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Rather than squabble endlessly and pointlessly, we might let reality speak. We might get past dogma and listen to experience. Take, for example, the contentious issue of health care and the Affordable Care Act in particular. Rather than have a partisan mob pass it and the opposing mob labor to gut it, what if we identified a handful of principles and tested different applications of them?

Today’s partisan squabbles are tiresome and unproductive. Republicans are quite sure their approach is wiser and more correct than their opponents. The Democrats are certain they have more compassion and wisdom than the Republicans. Each is fighting the good fight for a superior cause. Each resorts to baser tactics and crueler characterizations of the other party to advance their cause. We descend to a muddy street brawl. It seems quite certain how this must end.

There is an alternative. Rather than squabble endlessly and pointlessly, we might let reality speak. We might get past dogma and listen to experience. Take, for example, the contentious issue of health care and the Affordable Care Act in particular. Rather than have a partisan mob pass it and the opposing mob labor to gut it, what if we identified a handful of principles and tested different applications of them? For example, maybe we decided that our founding principles are these:

1. We would like more Americans to have affordable insurance.

2. We would like citizens to have options.

3. We don’t want a huge bill for taxpayers or the deficit.

I’m sure there are other principles. Imagine that a group of statesmen identified them and an act of Congress invited states to submit proposals that were consistent with the principles. Proposals might be funded and tested. Over time, we could refine our principles and our programs. Over time, we would find better ways of meeting the needs of our citizens. We might find that there are several programs that are consistent with the principles. We might invite states to select the program that fit their values. We might invite innovation rather than contention.

Of course, this would take time, patience and wisdom. It would not be nearly as fun as watching a slopfest of political mud football. But we might make steady progress instead of rocketing the national debt while zigzagging a crazy and unproductive path across history.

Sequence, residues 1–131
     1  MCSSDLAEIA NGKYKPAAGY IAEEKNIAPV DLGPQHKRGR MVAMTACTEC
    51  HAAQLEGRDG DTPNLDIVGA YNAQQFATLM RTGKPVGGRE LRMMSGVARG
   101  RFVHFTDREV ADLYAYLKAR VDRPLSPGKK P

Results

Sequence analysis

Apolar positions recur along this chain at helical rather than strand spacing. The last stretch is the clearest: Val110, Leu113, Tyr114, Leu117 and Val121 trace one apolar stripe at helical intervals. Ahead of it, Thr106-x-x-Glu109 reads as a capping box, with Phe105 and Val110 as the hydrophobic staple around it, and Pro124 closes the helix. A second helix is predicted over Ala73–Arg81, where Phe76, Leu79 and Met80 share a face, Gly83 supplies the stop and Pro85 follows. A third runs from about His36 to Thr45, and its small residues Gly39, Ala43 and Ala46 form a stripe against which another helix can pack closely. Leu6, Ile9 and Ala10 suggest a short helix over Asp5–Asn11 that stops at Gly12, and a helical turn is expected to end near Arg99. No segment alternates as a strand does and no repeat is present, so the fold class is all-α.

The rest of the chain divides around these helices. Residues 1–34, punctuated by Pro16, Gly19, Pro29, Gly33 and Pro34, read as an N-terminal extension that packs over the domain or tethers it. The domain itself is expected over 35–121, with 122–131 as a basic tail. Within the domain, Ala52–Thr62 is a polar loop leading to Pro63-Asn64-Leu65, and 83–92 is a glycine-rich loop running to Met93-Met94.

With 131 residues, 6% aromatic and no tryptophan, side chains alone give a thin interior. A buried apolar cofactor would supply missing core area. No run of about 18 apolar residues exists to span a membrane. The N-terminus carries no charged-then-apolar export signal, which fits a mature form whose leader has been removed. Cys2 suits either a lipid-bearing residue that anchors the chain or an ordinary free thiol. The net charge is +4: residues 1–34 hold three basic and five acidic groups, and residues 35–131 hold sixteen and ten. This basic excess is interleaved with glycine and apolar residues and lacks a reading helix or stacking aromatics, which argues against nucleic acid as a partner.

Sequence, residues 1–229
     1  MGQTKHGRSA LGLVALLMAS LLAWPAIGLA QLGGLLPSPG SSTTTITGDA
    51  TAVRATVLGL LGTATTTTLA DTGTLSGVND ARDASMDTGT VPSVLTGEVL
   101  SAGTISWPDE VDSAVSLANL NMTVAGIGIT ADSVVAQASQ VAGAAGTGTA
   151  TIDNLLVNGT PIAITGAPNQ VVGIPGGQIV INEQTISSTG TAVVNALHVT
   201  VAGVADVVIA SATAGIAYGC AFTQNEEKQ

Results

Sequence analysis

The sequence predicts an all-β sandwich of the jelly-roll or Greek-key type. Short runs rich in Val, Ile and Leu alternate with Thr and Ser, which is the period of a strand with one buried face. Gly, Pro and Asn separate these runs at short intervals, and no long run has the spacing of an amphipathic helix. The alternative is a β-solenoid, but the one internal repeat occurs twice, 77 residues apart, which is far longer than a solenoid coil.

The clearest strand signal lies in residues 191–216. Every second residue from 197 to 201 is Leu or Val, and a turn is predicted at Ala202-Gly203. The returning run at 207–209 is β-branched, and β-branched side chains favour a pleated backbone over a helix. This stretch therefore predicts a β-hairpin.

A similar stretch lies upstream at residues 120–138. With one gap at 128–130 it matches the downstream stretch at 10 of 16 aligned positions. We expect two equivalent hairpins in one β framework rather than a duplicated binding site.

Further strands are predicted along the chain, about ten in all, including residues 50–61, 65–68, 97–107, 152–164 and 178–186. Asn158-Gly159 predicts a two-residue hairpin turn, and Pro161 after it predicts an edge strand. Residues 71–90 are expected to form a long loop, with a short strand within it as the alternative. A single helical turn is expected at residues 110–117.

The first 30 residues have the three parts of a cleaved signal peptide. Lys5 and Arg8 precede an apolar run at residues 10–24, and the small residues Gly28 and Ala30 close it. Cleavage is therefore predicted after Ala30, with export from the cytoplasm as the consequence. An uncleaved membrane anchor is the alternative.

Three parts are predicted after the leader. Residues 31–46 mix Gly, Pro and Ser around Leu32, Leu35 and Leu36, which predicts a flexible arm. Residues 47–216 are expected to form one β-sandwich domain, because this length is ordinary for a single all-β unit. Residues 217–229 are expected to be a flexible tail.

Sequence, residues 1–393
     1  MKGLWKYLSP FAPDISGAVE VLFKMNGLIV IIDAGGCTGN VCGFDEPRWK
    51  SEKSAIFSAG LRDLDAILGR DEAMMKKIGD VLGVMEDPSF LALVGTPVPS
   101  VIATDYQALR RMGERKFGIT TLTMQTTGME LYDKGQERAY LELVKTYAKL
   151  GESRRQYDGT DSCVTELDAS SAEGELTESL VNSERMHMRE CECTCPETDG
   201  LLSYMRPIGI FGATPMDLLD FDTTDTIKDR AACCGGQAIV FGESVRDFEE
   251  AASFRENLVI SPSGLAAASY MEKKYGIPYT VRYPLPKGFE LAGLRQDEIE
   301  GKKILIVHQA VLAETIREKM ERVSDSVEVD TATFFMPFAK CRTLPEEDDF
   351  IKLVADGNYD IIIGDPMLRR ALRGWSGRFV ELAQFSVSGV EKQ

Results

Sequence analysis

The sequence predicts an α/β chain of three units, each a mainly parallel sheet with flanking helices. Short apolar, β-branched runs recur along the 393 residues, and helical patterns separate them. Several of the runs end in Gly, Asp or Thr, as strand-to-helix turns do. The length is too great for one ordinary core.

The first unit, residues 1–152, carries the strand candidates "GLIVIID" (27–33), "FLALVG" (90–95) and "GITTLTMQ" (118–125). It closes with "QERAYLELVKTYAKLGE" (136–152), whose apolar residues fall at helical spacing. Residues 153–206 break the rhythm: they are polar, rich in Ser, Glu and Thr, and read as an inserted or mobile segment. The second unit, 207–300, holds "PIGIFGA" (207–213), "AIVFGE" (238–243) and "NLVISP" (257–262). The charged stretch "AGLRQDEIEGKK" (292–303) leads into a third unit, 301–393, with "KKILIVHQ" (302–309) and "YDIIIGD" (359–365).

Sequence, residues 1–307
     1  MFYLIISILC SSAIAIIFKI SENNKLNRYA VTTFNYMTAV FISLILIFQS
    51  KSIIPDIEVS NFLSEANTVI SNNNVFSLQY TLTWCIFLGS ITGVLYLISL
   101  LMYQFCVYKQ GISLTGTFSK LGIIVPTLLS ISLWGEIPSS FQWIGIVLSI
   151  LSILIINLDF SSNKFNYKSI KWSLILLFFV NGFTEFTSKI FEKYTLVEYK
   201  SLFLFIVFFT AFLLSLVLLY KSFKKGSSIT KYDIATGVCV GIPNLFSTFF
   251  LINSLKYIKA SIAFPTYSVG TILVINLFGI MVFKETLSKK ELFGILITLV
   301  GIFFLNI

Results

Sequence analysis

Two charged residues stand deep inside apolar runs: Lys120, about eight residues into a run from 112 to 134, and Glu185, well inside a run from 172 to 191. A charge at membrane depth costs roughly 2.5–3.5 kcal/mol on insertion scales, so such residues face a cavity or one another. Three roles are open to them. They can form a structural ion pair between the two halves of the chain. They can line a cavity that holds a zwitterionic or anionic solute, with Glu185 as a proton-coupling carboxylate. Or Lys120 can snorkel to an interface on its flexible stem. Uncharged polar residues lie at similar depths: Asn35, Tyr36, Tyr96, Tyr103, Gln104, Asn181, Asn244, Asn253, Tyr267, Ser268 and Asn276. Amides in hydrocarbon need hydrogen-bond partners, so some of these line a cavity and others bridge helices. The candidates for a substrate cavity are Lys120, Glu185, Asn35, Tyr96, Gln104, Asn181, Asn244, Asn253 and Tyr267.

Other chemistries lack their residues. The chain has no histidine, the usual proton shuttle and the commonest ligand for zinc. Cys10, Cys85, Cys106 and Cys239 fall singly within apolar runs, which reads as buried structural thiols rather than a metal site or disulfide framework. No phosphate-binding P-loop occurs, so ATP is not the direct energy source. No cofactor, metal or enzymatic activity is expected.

Instead of our representatives being gladiators seeking the destruction of their enemies, they could become problem-solvers where creativity, openness and sustained change are prized above partisan purity.

Another example: Our current welfare system is driven more by dogma than experience. Liberals argue for compassion. Conservatives argue for accountability. Our policy is an ugly patchwork of contradictions. Maybe we could identify principles, invite proposals, test programs and make real progress on such challenging problems as caring for the poor without encouraging dependence or ballooning the deficit.

The parties do not have to be enemies. They can be collaborators, each side bringing its valuable worldview. I like the statement of Jonathan Haidt, the brilliant social psychologist, from his book "The Happiness Hypothesis":

"When one side overwhelms the other, the results are likely to be ugly. A society without liberals would be harsh and oppressive to many individuals. A society without conservatives would lose many of the social structures and constraints that ... are so valuable. A good place to look for wisdom, therefore, is where you least expect to find it: in the minds of your opponents. You already know the ideas common on your own side. If you can take off (your) blinders ... you might see some good ideas for the first time."

Imagine a political scene where liberals and conservatives worked together to identify principles and create options, but final decisions are made in the laboratory of life. It would be naïve to believe that science is flawless — that it speaks clearly and honestly with one voice. Yet science is a better arbiter than party dogma and partisan tactics. We might actually create a productive and effective policymaking government.

H. Wallace Goddard is a retired professor of family life (Arkansas, Alabama) and continues to write books and articles on family topics such as marriage and parenting. He and his wife, Nancy, live in Logan, Utah.